German utilities reject nuclear phase-out funding proposal

Germany‘s Commission on the Review of Funding for the Phase-Out of Nuclear Energy (Kommission zur àƒÅ“berpràƒ¼fung der Finanzierung des Kernenergieausstiegs, or KFK) released its recommendations this week.

It proposes that the four power firms operating nuclear plants in Germany ” E.ON, RWE, EnBW and Vattenfall ” undertake full financial responsibility for shutting down and decommissioning their plants. The government would then establish a fund to pay for waste storage. In total, €23.34bn would be paid by the utilities, a sum that includes their own estimates plus an additional 35 per cent risk premium designed to cover any extra costs.

All four power firms have largely endorsed the proposal, but all have objected to the addition of the risk premium.

RWE, E.ON and EnBW, in a joint statement posted on each firm’s website, said the proposal would “overburden energy companies’ capacities”, while Vattenfall said “the so-called risk premium which the Commission requests on top of the amount of provisions already in the books of the companies is disproportionate to the economic strength of the affected utilities”. à‚ à‚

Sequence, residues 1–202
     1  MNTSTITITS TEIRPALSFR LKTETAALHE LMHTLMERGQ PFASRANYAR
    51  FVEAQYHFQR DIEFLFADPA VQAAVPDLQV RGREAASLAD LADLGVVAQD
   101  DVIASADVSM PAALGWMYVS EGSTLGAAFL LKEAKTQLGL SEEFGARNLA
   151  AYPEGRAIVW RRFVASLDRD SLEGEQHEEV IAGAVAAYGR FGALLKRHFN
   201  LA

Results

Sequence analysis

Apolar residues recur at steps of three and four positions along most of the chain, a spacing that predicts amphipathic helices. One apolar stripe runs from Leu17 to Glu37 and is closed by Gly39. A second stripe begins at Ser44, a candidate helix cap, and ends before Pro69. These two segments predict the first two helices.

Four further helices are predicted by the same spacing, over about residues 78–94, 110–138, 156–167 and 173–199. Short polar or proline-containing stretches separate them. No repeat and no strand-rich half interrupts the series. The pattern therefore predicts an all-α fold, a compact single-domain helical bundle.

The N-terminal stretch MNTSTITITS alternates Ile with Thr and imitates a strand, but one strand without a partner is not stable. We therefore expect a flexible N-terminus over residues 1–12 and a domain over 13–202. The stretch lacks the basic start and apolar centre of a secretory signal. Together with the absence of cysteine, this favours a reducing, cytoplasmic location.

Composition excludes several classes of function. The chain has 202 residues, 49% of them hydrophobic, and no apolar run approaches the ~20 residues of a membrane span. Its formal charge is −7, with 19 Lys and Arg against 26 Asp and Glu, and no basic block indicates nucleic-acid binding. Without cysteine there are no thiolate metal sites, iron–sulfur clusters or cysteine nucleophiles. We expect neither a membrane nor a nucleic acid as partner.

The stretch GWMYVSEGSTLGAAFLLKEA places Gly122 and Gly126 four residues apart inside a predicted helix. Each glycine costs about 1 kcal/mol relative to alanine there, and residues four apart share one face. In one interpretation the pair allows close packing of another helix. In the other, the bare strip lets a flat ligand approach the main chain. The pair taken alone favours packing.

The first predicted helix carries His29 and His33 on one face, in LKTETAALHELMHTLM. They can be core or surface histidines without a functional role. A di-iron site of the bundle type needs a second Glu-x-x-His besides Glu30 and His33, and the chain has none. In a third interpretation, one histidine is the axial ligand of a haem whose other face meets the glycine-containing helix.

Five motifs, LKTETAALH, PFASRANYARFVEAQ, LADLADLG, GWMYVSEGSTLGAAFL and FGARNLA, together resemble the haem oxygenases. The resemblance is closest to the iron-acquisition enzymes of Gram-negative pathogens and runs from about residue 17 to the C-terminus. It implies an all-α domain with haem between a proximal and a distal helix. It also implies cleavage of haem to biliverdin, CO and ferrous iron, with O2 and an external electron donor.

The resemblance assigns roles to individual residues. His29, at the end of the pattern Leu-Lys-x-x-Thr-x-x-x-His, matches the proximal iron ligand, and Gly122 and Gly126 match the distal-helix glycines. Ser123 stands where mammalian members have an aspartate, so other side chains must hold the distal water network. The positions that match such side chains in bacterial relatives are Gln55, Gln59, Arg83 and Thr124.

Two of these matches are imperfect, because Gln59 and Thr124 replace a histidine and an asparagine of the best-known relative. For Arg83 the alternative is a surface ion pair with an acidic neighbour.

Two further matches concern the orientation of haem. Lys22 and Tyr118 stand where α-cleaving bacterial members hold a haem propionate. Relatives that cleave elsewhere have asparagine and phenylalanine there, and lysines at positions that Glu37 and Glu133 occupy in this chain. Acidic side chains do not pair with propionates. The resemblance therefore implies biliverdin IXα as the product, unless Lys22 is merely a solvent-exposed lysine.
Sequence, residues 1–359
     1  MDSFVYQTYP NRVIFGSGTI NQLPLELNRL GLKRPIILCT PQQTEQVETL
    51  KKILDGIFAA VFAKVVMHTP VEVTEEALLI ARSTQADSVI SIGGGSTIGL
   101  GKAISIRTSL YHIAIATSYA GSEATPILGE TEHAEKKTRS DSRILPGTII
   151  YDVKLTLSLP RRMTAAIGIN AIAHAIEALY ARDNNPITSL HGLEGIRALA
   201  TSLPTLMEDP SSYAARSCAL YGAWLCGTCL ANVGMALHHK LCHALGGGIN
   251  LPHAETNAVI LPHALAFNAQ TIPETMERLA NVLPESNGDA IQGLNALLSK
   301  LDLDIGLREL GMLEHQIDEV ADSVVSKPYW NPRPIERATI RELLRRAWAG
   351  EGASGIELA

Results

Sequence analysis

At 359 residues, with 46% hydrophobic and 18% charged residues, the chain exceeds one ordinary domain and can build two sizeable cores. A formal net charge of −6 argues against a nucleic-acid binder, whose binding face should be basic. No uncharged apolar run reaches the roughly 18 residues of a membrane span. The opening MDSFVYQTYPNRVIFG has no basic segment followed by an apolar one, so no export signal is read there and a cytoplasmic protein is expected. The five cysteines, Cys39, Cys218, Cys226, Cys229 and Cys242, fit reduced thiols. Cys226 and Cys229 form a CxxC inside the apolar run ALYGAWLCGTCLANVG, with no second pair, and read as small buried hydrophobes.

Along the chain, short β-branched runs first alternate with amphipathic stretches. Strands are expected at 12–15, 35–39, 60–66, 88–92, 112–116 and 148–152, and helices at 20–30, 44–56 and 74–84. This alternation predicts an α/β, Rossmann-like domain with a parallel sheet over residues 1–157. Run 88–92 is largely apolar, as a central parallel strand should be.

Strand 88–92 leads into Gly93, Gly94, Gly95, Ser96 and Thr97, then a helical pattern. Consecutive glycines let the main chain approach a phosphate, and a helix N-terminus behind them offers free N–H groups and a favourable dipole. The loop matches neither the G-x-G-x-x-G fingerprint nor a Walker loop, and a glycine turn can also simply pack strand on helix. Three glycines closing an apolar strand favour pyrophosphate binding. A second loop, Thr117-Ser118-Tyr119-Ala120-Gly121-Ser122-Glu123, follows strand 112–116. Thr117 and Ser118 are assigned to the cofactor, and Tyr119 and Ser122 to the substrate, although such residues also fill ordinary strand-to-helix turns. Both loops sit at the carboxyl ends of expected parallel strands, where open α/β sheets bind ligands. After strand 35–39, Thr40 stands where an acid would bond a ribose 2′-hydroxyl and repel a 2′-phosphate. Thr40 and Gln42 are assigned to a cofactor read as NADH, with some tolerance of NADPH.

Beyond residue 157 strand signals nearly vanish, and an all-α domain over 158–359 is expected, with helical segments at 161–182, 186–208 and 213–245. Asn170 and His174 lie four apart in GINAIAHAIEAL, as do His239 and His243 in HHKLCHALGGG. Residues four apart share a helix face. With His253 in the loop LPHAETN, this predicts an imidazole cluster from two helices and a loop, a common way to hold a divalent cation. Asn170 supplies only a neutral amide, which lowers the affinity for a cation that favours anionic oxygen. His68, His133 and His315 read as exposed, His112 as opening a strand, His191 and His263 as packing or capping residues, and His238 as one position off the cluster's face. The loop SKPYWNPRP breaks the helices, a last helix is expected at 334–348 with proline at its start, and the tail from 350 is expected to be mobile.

“In talks with the KFK, the companies have been willing to accept a risk premium to enable a consensus,” the joint statement said. “In order to achieve such an agreement, the companies have transparently presented their financials and offered to go as far as their utmost economic limits would permit.

“However, these limits have been trespassed by the amount of a risk premium suggested by the KFK.”

The joint statement said the utilities “cannot accept the suggestions” from the KFK as they stand, but stressed that “the energy companies are still interested in achieving a consensual solution regarding the organization and financing of the nuclear phase out in Germany”. Vattenfall also said the proposals are, “in principle, a feasible way to organize and finance the nuclear power phase-out”.

Stefan Dohler, senior vice-president for markets at Vattenfall, said, “We take our responsibility for this process but can’t offer financial solutions which are contrary to the given commercial and legal framework.”

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